Escape from Tehran (ARGO): Ben Affleck's geo political thriller, for which he won two awards in January, unearths an unknown chapter of the Iran US hostage ordeal.
The film centres on Tony Mendez (played by Ben Affleck), then a young CIA exfiltration expert, at a cross-roads in his personal life (separated from his wife and son), who is called upon to develop an escape plan for the six US diplomats hiding at ambassador Ken Taylor's house. With the help of trusted Hollywood contacts, make up artist John Chambers and struggling producer Lester Siegal, Mendez comes up with the idea of creating a phoney Canadian sci-fi film project dubbed 'Argo', claiming to shoot in Iran, as a scheme to smuggle the Americans out as its production crew.
What made the scheme plausible was that by the mid-1970s Iran already had a booming film industry, hosting both European and Hollywood productions. Had the Ayatollah Khomeini-inspired revolution not occured, George Lucas could have very likely relocated the outdoor scenes of his Star Wars trilogy in Iran's Tabas desert rather than in Tunisia's Tataouine.
Although Argo doesn't aim at being a history lesson, the opportunity of introducing Iran's complex history, to a non-Iranian audience, is lost in the animated storyboard, through a series of inaccurate cliches. Intentional or not, at worst it illustrates the level of ignorance displayed at times by Americans when it comes to taking any interest beyond their own cultural horizon.
However, the overall accuracy in recreating the US Embassy takeover by fanatical students and armed militias is fascinating to watch. Scenes depicting a nervous staff shredding highly confidential reports into ribbons, while outside military personal guard the entrance, dispersing the crowd with tear gas, admonished not to open fire but fearing the wrath of the vengeful mob, truly sends cold shivers down one's spine. Argo perfectly renders the social and political climate both in Iran and in the United States, whilst offering an interesting contrast between life in eccentric Hollywood and CIA bureaucracy in Washington D.C., and Tehran's paranoiac Bazar, gradually sinking deep into religious fundamentalism.
There is a healthy detachment however, throughout the movie, as to how the different protagonists relate to actual events, which often escape their own understanding. Be it the ordinary gun-crazed american redneck interviewed by NBC, claiming how much he wants to get even with the hostage takers but, when questioned, can hardly put Iran on the map; the gay Hollywood agent who can't tell the difference between Iran and Iraq but finds Tony Mendez's beard 'very sexy', or the clueless diplomats on location, wondering how they never predicted the Shah's downfall.
Even the embassy staff, many of whom hardly speak Farsi, find it difficult to engage in heated debates as to why the revolution even happened or why their country supported the Shah without understanding whether or not it was the right thing to do. All they want at best is 'to get the hell out of the damn country'.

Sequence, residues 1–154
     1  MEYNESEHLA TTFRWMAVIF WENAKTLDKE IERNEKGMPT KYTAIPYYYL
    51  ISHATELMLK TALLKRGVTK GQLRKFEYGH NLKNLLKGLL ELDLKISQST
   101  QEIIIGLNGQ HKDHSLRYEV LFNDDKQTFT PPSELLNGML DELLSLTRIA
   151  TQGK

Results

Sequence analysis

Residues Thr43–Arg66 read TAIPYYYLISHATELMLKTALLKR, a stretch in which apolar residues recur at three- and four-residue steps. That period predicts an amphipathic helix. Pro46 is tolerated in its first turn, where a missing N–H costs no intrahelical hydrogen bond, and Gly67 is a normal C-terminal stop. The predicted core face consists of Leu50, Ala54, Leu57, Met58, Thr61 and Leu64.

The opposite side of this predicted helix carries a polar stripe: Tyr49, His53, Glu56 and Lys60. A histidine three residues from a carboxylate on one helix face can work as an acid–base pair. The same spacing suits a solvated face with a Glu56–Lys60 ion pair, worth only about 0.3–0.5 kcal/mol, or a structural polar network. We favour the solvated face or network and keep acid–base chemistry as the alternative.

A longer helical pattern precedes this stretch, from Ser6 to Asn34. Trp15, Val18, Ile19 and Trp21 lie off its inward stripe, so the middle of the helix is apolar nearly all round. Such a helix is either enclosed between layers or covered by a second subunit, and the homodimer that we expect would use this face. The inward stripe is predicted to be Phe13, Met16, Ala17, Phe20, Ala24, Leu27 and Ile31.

This remoteness is best illustrated in one funny scene towards the film's conclusion when John Goodman quotes Karl Marx's line about << tragic history repeating itself as a farce >>, to which Alan Arkin replies, 'Groucho said that?'
Argo misses the point in that it directs the audience's empathy essentially towards the American characters but rarely towards the Iranians who apart from one (The Canadian ambassador's household maid) are reduced to one dimensional personalities.
Argo is not the first film centred on the Iran-US hostage crisis of 1979, which led to an ordeal of 444 days for the 52 American diplomats and staff. Two television dramas come to mind. On Wings of Eagles (1986), starring Richard Crenna and Burt Lancaster, was based on Ken Follet's novel about magnate Ross Perot's personally financed bold attempt to rescue executives of an important Texas Corporation held hostage in Tehran. The other 1ran: Days of Crisis (1991) based on Canadian Ambassador Ken Taylor's account as well as one US diplomat John Limbert's personal ordeal was set at the time of the Carter administration's failed rescue mission which ended tragically with the death of eight american pilots in an aircraft collision over the Iranian desert.
If as in the above films, Argo, does ring to a 'star spangled banner' patriotic tune, it nevertheless does it with far more detachment and a touch of humor, hence avoiding an entirely propaganda oriented delivery. Although topical and entertaining, the film is first and foremost a tribute to the men and women who professionally serve their country often at the risk of their own lives. Its first screening at the Toronto Film Festival coincided with the killing in Benghazi of Christopher Stevens, the US ambassador to Libya, along with three members of his staff. However unintended, providing a timely yet tragic reminder of the dangerous predicament diplomats from all manner of nations sometimes face during their missions abroad.
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|Publication:||The Middle East|
|Article Type:||Movie review|
|Date:||Feb 1, 2013|
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